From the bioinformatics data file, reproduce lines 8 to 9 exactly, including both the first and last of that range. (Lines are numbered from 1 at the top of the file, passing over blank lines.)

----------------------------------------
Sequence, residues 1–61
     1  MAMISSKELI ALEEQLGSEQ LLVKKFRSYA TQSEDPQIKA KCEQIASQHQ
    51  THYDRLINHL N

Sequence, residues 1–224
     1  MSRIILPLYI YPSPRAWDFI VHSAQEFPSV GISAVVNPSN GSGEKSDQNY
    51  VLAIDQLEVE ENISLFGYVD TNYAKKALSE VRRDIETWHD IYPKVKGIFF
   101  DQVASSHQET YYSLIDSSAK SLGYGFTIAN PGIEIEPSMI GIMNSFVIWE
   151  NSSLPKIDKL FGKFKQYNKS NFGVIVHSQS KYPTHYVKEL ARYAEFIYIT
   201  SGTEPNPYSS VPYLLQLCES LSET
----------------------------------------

   151  NSSLPKIDKL FGKFKQYNKS NFGVIVHSQS KYPTHYVKEL ARYAEFIYIT
   201  SGTEPNPYSS VPYLLQLCES LSET